Jonathan Levine's clever, totally rewarding romantic comedy is going to be forgotten by March, when the spring break blockbusters get released. Hell, it may become an afterthought by Valentine's Day, when the latest, inevitably regrettable "Die Hard" comes out along with the newest Nicholas Sparks thing geared to teenage emotions, "Safe Haven."
What happens right now is that studios wait until the last possible minute to release their goodies in time for Oscar consideration. This explains why the following Best Picture nominees premiered or were released wide in November or afterward: "Django Unchained," "Zero Dark Thirty," "Amour," "Les Mis," "Lincoln," "Silver Linings Playbook," and "Life of Pi."
The logic that's presented is the only time that matters for movies is the last two months of the calendar year. Everyone is bombarded with so much stuff that it's hard to remember what came out in September, forget about April and May. It's not fair for audiences, critics, and filmmakers. Movies get rewarded for timing more than quality.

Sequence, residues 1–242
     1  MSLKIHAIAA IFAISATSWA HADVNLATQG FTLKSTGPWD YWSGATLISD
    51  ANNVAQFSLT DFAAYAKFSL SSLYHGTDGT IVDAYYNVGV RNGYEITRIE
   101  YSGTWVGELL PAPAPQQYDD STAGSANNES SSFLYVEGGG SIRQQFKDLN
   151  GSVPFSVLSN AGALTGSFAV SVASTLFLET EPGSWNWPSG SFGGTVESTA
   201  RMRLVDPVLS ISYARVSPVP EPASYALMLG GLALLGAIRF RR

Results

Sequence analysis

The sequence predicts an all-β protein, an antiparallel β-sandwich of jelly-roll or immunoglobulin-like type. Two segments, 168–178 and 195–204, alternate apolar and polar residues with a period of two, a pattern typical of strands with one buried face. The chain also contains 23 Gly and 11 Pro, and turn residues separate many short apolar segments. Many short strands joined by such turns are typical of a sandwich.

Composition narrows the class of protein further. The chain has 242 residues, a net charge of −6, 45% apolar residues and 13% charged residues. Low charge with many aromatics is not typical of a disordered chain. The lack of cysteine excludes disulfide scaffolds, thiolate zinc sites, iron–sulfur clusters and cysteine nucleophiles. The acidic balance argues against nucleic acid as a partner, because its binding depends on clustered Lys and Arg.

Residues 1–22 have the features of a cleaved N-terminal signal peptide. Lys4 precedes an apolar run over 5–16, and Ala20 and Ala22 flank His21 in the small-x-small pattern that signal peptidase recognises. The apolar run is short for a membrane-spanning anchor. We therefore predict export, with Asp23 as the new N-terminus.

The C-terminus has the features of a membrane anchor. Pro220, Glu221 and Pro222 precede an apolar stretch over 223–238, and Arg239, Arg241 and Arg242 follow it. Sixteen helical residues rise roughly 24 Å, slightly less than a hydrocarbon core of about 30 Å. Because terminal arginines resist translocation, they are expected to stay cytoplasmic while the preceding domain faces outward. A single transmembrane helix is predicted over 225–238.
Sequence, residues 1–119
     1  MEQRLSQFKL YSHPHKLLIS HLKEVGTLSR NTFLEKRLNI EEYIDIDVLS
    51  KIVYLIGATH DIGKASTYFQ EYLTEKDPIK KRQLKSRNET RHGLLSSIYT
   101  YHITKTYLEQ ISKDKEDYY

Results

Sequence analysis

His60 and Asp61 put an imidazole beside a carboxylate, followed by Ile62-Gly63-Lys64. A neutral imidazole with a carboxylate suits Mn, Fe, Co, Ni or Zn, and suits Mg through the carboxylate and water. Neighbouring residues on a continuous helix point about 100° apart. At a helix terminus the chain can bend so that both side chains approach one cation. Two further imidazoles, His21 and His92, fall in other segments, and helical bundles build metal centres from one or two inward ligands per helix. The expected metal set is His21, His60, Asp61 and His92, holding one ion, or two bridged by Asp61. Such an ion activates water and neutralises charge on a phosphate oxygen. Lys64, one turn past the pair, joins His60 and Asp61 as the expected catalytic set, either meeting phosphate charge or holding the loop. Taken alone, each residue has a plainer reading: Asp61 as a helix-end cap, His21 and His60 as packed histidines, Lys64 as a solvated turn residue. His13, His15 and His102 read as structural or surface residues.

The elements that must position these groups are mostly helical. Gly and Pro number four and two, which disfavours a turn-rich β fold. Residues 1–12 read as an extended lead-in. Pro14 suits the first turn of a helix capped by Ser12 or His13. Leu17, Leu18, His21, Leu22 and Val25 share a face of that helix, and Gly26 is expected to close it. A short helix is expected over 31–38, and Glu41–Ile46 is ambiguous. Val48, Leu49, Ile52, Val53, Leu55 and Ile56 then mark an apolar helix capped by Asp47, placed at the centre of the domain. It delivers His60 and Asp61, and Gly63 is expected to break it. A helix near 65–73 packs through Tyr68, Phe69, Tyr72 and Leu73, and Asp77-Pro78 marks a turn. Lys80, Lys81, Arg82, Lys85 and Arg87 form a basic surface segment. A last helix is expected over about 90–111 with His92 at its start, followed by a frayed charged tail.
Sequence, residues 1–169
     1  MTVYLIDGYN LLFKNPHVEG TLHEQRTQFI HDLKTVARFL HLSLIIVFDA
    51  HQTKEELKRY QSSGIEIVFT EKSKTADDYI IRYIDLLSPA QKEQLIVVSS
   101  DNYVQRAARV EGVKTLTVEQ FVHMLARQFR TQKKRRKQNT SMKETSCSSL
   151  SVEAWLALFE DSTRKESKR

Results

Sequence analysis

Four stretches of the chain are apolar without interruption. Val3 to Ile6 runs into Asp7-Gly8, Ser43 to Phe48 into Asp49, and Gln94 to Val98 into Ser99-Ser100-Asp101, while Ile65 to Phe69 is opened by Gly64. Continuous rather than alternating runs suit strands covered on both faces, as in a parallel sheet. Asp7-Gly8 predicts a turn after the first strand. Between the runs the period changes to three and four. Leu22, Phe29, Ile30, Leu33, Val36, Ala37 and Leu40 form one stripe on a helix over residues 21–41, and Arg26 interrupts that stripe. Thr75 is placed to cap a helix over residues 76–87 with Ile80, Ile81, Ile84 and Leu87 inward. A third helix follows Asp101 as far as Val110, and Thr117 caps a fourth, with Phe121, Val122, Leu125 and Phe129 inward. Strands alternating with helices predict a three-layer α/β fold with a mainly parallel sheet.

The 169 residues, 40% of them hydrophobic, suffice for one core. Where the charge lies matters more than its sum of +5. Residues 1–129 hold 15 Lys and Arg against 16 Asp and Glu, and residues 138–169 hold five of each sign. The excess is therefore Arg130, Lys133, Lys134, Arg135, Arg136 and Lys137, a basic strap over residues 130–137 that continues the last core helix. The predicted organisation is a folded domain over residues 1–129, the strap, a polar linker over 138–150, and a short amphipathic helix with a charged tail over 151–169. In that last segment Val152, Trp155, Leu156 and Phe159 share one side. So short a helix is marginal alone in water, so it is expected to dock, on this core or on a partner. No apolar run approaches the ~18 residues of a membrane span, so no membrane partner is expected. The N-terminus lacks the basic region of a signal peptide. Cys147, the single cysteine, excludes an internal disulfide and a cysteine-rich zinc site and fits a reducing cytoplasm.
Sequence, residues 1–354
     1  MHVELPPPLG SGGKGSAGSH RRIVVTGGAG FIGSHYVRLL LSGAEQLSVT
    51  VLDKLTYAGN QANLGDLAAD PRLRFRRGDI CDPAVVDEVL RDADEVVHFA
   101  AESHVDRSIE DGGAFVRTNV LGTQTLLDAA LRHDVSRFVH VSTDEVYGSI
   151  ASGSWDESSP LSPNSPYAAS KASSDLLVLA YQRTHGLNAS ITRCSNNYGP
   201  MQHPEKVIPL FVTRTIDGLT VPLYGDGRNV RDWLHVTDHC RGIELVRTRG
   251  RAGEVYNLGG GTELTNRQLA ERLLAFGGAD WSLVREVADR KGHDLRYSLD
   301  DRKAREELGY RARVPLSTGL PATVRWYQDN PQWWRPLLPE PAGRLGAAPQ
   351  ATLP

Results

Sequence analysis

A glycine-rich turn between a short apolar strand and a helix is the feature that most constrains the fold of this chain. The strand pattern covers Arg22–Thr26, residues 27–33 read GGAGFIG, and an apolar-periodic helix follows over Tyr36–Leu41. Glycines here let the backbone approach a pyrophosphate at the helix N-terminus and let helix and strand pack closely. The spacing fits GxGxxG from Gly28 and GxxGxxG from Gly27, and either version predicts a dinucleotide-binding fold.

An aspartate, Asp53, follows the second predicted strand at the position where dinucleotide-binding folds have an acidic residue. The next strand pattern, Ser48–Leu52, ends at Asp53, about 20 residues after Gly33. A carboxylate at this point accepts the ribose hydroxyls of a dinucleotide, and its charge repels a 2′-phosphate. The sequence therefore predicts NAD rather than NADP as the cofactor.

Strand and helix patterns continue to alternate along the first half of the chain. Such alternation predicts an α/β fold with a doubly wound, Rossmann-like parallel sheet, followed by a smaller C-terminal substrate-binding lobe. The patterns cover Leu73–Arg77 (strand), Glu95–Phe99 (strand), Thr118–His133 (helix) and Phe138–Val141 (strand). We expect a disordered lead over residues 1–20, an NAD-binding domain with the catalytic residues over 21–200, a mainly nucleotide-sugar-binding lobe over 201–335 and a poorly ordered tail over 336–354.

Here's what I propose:
1.) First-half winners: Give out Oscar nominations for movies released before June 30th: Five in every category. (Maybe then, "Moonrise Kingdom" would have gotten more than one friggin' nomination.)
2.) Second-half winners: Give out 5 Oscar nominations for movies released from July 1st to December 31st: Five in every category.
3.) In February, hold the lavish Academy Awards ceremony, where the nominees from both halves face off to see who's the best of the best.
What are your thoughts? I'd love to know.